Climatic conditions also make a huge difference (about a minute over the time you are talking about), so pick a warm day, damp road (less rolling resistance) and keep trying, and start thinking aero.

    With this approach I have managed a 22.40 for the 16k. Although I am currently languising around the 24minute mark (40 k).
     
  8. wiredued

    wiredued New Member

    Joined:
    Aug 17, 2004
    Messages:
    1,300
    Likes Received:
    0
    Isn't it cheaper to just lift your knees?

     
  9. toddvino

    toddvino New Member

    Joined:
    Feb 20, 2007
    Messages:
    8
    Likes Received:
    0
    Thanks dude! Very helpful. Do you train using power meter, perceived exhaustion, or HRM?


     
  10. vadiver

    vadiver New Member

    Joined:
    Oct 3, 2006
    Messages:
    313
    Likes Received:
    0
    I personally would invest my $1000US in a good trainer and do isolated leg pulls and work on how to ride. You would also be able to ride year around.

    I would think that any new rider would see an increase of 40% in 6 months regarless of what they were using for training. I know when I got back into cycling I improved my TT speed by 5MPH (18 to 23MPH) in 5 months with standard cranks.
     
  11. toddvino

    toddvino New Member

    Joined:
    Feb 20, 2007
    Messages:
    8
    Likes Received:
    0
    I have a good Cyclops trainer. What workouts over the next 5 months would you recommend doing on it specifically as you've outlined some outstanding gains?

    Thanks


     
  12. musher

    musher New Member

    Joined:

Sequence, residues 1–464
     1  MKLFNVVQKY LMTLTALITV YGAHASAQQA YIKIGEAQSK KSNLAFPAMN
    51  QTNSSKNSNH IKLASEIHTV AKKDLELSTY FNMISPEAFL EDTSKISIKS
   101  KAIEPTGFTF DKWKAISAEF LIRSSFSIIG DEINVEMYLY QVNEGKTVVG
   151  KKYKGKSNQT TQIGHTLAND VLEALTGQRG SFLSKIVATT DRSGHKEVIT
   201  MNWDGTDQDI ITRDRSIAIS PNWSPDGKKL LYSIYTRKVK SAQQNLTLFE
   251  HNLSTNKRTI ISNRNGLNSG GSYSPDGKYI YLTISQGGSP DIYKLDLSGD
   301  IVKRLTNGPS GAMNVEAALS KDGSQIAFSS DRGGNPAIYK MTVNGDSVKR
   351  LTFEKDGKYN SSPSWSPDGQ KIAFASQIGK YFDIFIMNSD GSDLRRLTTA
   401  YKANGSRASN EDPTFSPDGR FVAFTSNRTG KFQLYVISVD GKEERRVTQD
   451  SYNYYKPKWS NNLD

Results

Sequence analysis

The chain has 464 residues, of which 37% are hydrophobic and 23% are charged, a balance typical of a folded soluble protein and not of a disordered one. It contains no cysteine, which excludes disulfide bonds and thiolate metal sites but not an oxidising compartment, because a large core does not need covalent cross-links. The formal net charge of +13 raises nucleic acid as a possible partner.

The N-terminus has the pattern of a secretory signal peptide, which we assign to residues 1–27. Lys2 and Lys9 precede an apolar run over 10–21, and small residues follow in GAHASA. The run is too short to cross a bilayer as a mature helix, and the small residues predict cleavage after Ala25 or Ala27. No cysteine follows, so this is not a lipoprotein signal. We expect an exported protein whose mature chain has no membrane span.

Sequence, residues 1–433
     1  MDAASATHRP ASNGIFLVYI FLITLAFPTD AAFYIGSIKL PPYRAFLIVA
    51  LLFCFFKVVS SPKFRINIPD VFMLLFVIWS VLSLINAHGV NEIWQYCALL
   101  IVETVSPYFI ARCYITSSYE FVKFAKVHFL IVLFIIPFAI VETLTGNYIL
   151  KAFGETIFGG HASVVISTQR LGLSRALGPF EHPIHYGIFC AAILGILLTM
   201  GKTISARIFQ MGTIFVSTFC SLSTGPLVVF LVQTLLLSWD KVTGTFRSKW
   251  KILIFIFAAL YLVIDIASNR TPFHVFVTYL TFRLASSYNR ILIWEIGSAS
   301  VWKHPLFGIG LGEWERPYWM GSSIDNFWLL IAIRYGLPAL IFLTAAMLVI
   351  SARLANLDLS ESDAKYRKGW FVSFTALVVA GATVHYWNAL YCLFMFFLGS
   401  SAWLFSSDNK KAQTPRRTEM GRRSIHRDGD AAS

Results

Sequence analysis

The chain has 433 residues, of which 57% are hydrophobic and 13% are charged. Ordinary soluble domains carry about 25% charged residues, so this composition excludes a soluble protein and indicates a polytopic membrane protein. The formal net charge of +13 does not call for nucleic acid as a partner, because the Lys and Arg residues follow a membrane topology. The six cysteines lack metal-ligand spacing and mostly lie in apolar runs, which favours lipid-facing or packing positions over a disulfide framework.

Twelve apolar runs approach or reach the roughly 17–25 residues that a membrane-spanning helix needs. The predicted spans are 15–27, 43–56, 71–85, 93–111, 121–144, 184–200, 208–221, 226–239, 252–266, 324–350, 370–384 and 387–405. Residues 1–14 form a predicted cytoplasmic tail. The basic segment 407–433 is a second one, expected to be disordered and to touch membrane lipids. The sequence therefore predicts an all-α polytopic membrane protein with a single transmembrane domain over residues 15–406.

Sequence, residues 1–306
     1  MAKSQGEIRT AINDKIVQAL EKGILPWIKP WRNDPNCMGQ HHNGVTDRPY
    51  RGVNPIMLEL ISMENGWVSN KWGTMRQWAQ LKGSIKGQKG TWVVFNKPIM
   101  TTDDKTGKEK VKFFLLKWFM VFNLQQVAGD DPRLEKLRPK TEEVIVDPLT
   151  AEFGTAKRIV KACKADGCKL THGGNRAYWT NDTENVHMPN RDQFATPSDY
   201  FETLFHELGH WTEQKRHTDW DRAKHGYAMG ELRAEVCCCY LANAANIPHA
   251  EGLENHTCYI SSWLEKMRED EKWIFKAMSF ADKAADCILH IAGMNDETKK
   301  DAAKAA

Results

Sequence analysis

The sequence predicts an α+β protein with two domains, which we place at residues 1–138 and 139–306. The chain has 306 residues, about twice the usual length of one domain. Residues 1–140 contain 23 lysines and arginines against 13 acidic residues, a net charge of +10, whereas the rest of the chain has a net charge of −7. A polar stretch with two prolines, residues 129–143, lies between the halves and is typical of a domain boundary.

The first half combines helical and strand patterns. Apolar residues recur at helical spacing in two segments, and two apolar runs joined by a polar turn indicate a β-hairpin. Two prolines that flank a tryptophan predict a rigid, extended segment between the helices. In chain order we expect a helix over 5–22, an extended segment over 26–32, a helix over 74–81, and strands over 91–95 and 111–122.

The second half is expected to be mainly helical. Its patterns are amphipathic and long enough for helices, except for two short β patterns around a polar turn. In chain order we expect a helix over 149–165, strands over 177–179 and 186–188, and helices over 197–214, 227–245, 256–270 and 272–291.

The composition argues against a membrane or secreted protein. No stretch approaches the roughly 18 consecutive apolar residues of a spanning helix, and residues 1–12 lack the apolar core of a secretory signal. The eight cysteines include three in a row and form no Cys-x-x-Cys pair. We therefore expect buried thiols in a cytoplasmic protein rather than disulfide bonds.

Feb 21, 2006
    Messages:
    124
    Likes Received:
    1
    The best training for TT are the mini TT :) .
     
  13. Fday

    Fday New Member

    Joined:
    Dec 6, 2005
    Messages:
    1,341
    Likes Received:
    0
    Sure, if you can actually train yourself to do it. Evidence suggests this is very hard to learn.

    Frank
     
  14. musher

    musher New Member

    Joined:
    Feb 21, 2006
    Messages:
    124
    Likes Received:
    1
    There are 3 periods that you should work on to develop your TT. These are:15' - 6' & 2' mn. efforts . 15' solid mn. of training at your 100% LT; 6' is working on improving your VO2 max & LT ; 2' efforts is an effectif way to increase your overall SPEED for your TT.:D . Try : www.racelistings.com & go to Time trial Strategy . Have fun and ride hard ,:p Musher
     
  15. vadiver

    vadiver New Member

    Joined:
    Oct 3, 2006
    Messages:
    313
    Likes Received:
    0
    Doing intervals and working hard. Reading these forums for the most part I had been doing what other recomended. I have read other drills in various artilcles that seem to make sense. I do them and they have not hurt.

    I have a set course (out and back) that works well for me to base on. It is somewhat hilly with only three (six) stop lights and two stop signs. I would ride it at 90-95% of my MHR with recovery at the stoplights if I got caught. I have other rides that I do that have a lot of hills on them and longer rides. I mixed it up to not get bored. At the end of the season I was not making as big of improvements.